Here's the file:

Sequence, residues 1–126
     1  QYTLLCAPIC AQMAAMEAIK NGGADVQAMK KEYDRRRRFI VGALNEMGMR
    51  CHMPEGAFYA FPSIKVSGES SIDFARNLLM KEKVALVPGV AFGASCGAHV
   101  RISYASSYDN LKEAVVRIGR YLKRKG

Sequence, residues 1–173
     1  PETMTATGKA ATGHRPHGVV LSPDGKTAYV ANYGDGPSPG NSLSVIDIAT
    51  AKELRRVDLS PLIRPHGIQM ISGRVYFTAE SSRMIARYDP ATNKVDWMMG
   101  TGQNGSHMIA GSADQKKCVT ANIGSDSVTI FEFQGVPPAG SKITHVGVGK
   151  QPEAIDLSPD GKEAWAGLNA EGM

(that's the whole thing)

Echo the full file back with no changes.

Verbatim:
Sequence, residues 1–126
     1  QYTLLCAPIC AQMAAMEAIK NGGADVQAMK KEYDRRRRFI VGALNEMGMR
    51  CHMPEGAFYA FPSIKVSGES SIDFARNLLM KEKVALVPGV AFGASCGAHV
   101  RISYASSYDN LKEAVVRIGR YLKRKG

Sequence, residues 1–173
     1  PETMTATGKA ATGHRPHGVV LSPDGKTAYV ANYGDGPSPG NSLSVIDIAT
    51  AKELRRVDLS PLIRPHGIQM ISGRVYFTAE SSRMIARYDP ATNKVDWMMG
   101  TGQNGSHMIA GSADQKKCVT ANIGSDSVTI FEFQGVPPAG SKITHVGVGK
   151  QPEAIDLSPD GKEAWAGLNA EGM